This is technology that allows the user to mix static HTML with dynamic HTML. Whereas Servlets use Java to generate the HTML content for a web page, JSP/ASP technology allows the user to embed code within static HTML statements. This separates the generation of the dynamic content of a page from the static content. This separation can allow web designers to work on the look and feel of a page, while programmers can work on the dynamic content. JavaScript could also be used to generate HTML dynamically on the client, but is only useful in situations where the dynamic information is based on the client?s environment.

Custom Tag Libraries

Custom tag libraries allows the Java programmer to write code that provides various services such as database access, and provide this functionality to the authors of the JSP pages. These actions and services are presented as a set of tags contained in a library. Custom tags abstract out the complexity of the underlying service allowing JSP authors to perform an action without having to understand the underlying detail.


JSP is supposed to be a good way to separate the dynamic and static parts of your web page, however it does take some discipline to prevent your pages from becoming hard to maintain. One framework developed to help with this is Struts. Struts is maintained as a part of Apache Jakarta project and is open source. Struts is essentially a presentation framework based on the Model-View-Controller concept. The organization of a webapp designed using the struts framework is illustrated below:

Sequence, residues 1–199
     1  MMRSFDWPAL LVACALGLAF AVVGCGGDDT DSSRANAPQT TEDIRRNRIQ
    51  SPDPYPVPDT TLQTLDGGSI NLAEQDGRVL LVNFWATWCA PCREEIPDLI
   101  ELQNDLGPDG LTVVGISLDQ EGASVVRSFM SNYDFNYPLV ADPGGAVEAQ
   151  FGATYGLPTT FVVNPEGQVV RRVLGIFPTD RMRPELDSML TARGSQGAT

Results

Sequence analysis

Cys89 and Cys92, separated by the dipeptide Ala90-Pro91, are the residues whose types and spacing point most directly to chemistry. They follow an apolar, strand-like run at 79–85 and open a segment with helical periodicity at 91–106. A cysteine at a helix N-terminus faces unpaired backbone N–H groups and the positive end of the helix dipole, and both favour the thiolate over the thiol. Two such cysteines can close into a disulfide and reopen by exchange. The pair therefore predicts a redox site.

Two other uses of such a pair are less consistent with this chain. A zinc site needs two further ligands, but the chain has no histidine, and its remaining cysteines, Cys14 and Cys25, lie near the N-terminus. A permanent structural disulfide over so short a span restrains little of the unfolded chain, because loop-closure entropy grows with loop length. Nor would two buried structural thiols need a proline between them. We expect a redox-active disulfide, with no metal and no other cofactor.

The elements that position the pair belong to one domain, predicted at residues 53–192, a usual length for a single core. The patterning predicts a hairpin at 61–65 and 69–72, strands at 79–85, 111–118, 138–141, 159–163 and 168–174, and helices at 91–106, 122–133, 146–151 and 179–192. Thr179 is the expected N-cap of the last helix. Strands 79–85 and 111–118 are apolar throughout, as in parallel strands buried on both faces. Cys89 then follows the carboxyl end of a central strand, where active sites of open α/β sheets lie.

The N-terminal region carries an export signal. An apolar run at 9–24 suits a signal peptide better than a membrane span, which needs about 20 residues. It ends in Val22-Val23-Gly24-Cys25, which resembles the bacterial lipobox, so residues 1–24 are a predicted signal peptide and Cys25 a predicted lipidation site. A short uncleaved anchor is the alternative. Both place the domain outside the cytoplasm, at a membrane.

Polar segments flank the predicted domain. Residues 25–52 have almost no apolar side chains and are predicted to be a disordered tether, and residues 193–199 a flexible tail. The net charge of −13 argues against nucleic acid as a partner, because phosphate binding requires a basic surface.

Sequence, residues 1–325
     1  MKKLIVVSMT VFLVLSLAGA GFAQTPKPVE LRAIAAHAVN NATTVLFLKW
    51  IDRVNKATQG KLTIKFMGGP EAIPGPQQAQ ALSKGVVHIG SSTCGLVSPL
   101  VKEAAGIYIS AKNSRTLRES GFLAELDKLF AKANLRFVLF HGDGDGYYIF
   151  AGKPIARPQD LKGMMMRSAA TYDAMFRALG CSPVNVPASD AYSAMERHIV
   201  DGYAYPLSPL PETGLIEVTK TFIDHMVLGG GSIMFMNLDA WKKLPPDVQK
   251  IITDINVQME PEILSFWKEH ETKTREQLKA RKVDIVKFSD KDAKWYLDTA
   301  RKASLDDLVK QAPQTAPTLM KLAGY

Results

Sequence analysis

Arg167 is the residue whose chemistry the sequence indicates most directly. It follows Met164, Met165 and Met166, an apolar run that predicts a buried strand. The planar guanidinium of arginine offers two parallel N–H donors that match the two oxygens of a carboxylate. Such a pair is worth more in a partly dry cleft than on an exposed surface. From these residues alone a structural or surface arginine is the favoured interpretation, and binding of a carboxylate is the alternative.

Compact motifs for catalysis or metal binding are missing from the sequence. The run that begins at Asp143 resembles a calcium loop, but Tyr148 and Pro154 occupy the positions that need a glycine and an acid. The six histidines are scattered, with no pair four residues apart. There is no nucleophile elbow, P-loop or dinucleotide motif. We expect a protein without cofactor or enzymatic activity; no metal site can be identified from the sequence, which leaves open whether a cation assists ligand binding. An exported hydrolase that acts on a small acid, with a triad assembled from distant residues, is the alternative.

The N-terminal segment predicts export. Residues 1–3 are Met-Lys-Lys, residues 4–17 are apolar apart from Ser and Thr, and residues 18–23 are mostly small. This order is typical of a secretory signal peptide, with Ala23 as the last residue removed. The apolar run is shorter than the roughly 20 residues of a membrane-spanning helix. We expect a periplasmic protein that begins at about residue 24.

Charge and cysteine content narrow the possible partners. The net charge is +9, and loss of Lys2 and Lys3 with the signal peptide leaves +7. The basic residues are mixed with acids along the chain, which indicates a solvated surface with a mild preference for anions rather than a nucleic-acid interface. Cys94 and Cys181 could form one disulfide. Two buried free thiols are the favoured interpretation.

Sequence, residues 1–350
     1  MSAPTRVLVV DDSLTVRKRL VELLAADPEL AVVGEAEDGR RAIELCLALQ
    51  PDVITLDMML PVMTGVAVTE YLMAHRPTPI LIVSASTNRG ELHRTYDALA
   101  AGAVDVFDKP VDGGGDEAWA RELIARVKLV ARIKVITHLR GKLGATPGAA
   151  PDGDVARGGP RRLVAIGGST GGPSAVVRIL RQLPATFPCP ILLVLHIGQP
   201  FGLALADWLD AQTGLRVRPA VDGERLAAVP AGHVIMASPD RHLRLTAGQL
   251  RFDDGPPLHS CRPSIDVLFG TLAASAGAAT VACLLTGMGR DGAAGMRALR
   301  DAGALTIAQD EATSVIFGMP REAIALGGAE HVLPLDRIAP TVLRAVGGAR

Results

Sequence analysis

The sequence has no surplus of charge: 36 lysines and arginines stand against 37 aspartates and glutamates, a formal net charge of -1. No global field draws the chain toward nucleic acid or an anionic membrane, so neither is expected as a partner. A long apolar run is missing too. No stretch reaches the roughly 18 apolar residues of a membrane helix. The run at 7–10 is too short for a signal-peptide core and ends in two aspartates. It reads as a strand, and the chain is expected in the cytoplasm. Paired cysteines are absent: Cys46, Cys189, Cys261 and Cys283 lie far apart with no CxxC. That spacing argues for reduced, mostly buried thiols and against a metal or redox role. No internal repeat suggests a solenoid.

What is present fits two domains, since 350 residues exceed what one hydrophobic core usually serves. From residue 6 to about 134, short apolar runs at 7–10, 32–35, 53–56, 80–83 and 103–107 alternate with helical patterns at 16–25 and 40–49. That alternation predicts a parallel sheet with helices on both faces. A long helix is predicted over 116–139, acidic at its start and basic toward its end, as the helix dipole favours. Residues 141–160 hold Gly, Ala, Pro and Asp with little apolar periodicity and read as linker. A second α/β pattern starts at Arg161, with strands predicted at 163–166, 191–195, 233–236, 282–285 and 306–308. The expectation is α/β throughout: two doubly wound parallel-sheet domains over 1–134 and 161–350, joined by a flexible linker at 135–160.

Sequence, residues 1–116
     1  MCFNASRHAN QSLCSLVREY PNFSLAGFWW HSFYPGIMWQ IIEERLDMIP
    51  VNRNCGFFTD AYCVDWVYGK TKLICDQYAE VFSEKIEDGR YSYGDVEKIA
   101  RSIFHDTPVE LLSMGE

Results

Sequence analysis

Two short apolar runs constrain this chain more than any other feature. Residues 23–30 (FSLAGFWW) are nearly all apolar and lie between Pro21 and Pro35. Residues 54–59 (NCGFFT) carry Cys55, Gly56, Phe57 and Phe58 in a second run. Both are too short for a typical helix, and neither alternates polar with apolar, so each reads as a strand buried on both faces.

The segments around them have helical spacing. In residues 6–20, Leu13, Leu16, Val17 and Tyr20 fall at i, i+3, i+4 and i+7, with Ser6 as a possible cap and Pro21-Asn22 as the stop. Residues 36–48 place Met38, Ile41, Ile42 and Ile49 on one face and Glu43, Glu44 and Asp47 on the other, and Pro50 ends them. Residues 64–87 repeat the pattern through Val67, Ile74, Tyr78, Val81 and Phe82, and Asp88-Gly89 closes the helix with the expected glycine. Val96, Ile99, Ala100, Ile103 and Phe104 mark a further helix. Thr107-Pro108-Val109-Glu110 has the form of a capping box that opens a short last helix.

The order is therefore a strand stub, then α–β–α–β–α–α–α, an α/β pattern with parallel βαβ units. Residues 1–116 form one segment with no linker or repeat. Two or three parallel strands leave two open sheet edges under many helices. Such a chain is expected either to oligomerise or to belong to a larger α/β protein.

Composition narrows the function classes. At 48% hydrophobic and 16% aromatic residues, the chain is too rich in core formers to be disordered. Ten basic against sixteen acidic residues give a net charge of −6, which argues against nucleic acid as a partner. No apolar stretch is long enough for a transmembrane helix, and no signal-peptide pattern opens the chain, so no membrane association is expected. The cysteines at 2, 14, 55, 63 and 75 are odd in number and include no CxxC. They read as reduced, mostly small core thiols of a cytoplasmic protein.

One of the difficulties in organizing a web-page is keeping the ?view? components nicely organized.

Struts and Tiles

In order to organize JSP and HTML view components, the Struts framework can be coupled with the Tiles framework. The Tiles framework presents its view components as – you guessed it – tiles! These tiles are organized by an XML configuration file (tilesDefinition.xml) that allows for reuse of the tiles as well as the layouts that organize them.

Struts and Validator

Validation of input is part of any webapp that gathers data from the user. Client-side validation is preferred over server-side validation to prevent an extra request-response cycle. JavaScript was an initial way of handling validation, but eventually this became much too complex to handle large amounts of data. The validator framework is part of the Struts framework and uses a combination of XML?s declarative approach and Java?s programmatic approach to form validation.

JSTL (expression language)

The JSP Standard Tag Library is a collection of JSP 1.2 custom tag libraries that implement basic functionality common to a wide range of server-side Java applications. By providing standard implementations for typical presentation-layer tasks such as data formatting and iterative or conditional content, JSTL allows JSP authors to focus on application-specific development needs, rather than “reinventing the wheel” for these generic operations.